MoEs comeback in GenAI with Mixtral

MoEs comeback in GenAI with Mixtral

Just yesterday, Mistral AI announced their new model Mixtral 8x7B. It is a high-quality Sparse Mixture of Expert models (SMoEs). Its weights are open-source and licensed under Apache 2.0

The OG release tweet of the Mixtral model by Mistral AI

This blog post explores the intricacies of MoE, its historical roots, potential connections with GPT-4, and the unique aspects of the Mistral model. It's a journey into understanding how MoE models, by allowing for specialized task handling, could revolutionize AI's approach to complex problems. Here's a quick TLDR about Mixtral 8x7B:

  • Mixtral outperforms Llama 2 70B on most benchmarks.
  • It has a 6x faster inference compared to Llama 2 70B.
  • One of the most powerful open-weight models with a permissive license that matches or outperforms GPT-3.5 on most standard benchmarks.
  • Handles a context length of whooping 32K tokens, and supports English, French, Italian, German, and Spanish.
  • Gracefully handles code generation tasks well.
  • The model can be instruction-tuned and achieves a score of 8.3 on the MT bench.

πŸ“’ Understanding Mixture of Experts

Mixture of Experts (MoEs) is not a new concept. Very similar to traditional ensemble methods, the idea was originally introduced in the year of 1991 by the paper Adaptive Mixture of Local Experts. The idea of MoE by definition is quite simple. In standard networks, input data is processed linearly, passing through successive layers. MoE models disrupt this linearity by introducing several "expert" networks, each tailored to handle specific tasks or data types. Where each "expert" is nothing but generally a Feed Forward Neural Network (FFN).

Along with the experts, we have a gating mechanism, that plays a crucial role in this setup, directing the input to the most appropriate expert based on its characteristics. This division of labor allows MoE models to specialize, leading to potentially more accurate and efficient outcomes in complex and diverse data distribution, compared to a one-size-fits-all approach (or dense networks). Figure 1 below gives a high-level overview of MoE architecture.

Improving journey time predictions with GNNs on the Graphcore IPU
Fig1. A traditional Mixture of Experts (MoEs) architecture. Image from GraphCore.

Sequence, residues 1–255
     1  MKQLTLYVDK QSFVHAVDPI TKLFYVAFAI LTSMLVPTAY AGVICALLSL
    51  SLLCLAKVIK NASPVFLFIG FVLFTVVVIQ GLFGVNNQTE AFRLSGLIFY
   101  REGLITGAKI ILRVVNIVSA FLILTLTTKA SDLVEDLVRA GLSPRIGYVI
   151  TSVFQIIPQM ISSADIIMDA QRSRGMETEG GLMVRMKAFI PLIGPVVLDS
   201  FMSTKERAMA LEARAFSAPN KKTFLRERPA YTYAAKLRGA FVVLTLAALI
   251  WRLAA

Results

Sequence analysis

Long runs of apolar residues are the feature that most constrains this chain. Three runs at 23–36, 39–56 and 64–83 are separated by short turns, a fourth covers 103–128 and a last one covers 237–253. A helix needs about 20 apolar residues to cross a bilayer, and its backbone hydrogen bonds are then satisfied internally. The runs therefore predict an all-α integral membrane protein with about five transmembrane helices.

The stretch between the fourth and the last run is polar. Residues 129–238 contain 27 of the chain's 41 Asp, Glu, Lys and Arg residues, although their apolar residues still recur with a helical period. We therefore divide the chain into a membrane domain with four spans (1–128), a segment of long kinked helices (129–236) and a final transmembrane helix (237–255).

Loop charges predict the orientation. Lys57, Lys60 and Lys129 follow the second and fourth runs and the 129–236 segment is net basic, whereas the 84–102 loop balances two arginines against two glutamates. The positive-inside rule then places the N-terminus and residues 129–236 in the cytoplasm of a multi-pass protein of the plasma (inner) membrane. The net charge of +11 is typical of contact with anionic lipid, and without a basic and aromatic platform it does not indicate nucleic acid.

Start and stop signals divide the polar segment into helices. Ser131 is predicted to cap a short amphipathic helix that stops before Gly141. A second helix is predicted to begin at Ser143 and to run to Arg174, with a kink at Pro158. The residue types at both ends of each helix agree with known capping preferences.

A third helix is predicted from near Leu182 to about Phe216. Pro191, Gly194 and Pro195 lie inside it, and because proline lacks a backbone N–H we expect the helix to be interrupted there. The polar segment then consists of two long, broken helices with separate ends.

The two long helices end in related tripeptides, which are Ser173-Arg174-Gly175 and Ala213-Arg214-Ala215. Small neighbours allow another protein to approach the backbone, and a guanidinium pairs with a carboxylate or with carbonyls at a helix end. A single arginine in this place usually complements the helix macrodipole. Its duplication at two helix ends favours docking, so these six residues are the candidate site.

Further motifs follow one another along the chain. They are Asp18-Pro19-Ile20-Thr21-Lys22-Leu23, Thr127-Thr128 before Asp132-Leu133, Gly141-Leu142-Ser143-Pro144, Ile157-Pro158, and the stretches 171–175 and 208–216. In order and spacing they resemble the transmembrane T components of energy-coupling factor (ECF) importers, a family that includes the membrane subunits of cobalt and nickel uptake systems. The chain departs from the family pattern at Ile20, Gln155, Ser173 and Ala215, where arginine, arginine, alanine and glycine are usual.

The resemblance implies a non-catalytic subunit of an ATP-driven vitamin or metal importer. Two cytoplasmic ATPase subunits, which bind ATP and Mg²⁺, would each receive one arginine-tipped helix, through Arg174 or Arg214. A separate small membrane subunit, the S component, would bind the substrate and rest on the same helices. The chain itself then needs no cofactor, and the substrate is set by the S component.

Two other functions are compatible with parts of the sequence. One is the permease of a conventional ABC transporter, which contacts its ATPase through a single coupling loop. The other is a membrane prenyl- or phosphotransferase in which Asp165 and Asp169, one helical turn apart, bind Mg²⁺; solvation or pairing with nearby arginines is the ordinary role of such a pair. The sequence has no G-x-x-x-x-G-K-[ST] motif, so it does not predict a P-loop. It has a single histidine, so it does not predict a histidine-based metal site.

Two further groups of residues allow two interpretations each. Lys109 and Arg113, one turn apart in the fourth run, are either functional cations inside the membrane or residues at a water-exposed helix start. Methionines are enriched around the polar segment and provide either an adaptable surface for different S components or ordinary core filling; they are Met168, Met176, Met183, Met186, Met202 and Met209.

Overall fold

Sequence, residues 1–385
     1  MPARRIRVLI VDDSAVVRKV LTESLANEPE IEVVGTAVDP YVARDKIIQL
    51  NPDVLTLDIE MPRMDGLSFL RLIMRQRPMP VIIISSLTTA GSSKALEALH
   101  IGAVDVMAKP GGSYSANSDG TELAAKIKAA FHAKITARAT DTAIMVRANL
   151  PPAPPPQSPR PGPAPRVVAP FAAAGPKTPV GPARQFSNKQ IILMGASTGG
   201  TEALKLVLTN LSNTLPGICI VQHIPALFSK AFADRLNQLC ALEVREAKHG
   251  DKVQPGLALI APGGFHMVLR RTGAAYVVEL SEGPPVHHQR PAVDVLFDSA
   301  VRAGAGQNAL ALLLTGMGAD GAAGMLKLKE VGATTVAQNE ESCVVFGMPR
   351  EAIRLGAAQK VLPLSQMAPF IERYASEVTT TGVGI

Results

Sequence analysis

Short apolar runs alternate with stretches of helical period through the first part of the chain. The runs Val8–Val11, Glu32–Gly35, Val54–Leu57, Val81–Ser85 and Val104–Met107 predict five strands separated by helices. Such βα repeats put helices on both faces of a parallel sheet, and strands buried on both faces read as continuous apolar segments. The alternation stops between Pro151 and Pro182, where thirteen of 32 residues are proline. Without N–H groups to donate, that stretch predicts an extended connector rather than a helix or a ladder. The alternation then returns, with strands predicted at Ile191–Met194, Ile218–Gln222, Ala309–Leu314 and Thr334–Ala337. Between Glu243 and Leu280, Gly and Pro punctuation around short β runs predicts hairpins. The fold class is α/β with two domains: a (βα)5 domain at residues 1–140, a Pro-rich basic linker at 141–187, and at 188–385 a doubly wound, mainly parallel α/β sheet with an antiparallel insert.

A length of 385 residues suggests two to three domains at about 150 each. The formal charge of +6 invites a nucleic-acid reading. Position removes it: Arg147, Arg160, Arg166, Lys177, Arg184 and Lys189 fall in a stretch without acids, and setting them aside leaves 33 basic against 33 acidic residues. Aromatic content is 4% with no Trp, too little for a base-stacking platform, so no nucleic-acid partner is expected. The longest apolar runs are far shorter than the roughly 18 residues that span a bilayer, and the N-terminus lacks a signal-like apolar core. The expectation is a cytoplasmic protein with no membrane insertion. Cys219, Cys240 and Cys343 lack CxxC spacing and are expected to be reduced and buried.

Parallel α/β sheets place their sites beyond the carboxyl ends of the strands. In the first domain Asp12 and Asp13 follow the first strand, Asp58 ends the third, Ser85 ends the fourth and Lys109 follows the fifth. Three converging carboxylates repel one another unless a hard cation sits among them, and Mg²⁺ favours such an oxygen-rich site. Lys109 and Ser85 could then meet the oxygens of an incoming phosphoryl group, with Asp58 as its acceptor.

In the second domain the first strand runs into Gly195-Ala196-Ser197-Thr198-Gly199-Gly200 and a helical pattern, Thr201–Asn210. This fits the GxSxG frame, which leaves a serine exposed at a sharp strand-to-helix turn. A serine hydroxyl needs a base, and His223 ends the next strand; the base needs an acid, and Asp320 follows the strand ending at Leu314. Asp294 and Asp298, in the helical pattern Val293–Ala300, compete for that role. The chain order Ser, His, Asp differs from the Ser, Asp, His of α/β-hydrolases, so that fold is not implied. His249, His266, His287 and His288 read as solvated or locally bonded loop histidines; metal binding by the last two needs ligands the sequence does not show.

Since, the release of this concept, a lot of work has been done on the architecture in this field. Keeping our interest aligned with Mixtral, we will focus more on the Transformer's aspect of MoEs.

Sparsity in MoEs

The Mixtral model uses Sparse MoEs (or SMoEs). So let's understand what sparse means here. We already know that a dense neural network model is a sequential model, where all the parameters are used. A sparse MoE model does not use all the parameters during prediction computation. The computation is conditioned by putting the input to the best expert out of all of them. This conditioning is learned by a gating network (G) that decides which Expert (E) to choose when certain input is been passed. A typical gating network can simply be a network with a softmax function. There are more complex gating networks like Nosisy top-K gating, however, that is out of the scope of this post.

The idea of sparsity in Networks (a.k.a Sparse MoEs) helps to significantly increase the model size without increasing the computation. However, this comes with a bunch of challenges, as follows:

  • Passing inputs into batches is considered to be efficient for dense networks. But for MoEs, it introduces un-even data inflow, where certain experts end up getting more consumed compared to others or get underutilized and hence makes training inefficient.
  • The sparse MoE setup is very much prone to overfitting and hence is very hard to train and generalize.

πŸ€– Incoming of Switch Transformers

Switch Transformers are very important architectures when studying applications of MoEs in Transformers. In the above section, we learned about the cons of using Sparse MoEs. Switch transformers try to mitigate that by proposing a switch transformer layer. See Figure 2, below.

Switch Transformer Layer
Fig2: A Switch Transformer Layer from the paper Switch Transformers

The Switch Transformer paper uses Switch Feed Forward Neural Networks (FFNs). This replaces the traditional point-wise FFN with multiple FFNs, known as Experts. Hence the idea derives from the same old MoE concepts. Once tokens are passed into the self-attention and layer normalization layer, each token is then passed through the Switch Transformer layer. Inside that layer, it passes through the router function (switch) that routes each token to the specific FFN expert.

As each token only passes through one expert FFN, the number of floating-point operations (FLOPS) stays equal, whilst the number of parameters increases with the number of experts.

Capacity Factor

In the previous sections of the blog, we discussed that one key challenge in Sparse MoEs is that, some experts are overutilized compared to others. Switch Transformers tries to mitigate that challenge by introducing a concept called Capacity Factor. The goal here is to route an equal number of tokens to each expert overall so that the computation stays stable. To do this, we define a term called expert capacity (a.k.a batch size of each expert), which is defined as:

Simply, if the capacity factor is 1, then we can say that at a given batch all the experts are divided equally in terms of compute labor. In that way, no expert is wasted or underutilized in a given step. However, doing this assumes that all the tokens are being equally allocated across the experts. However, in practice it has been seen that certain experts will overflow, resulting in certain tokens not being processed by the other experts,

Fig:3. Left with capacity factor set as 1.0 resulting in overflow and right with capacity factor 1.5, resulting in more computation. Figure from the Switch Transformer Paper.

So, to address this, it contradicts itself, by introducing in-balanced routing of tokens by increasing the capacity factor. This although mitigates the overflow problem but has a tradeoff with more computation and inter-device communication during training. The authors also introduced an auxiliary loss that penalizes the unbalanced routing of tokens by the router functions. The Authors found empirically that 1.25 as the capacity factor gives the best performance.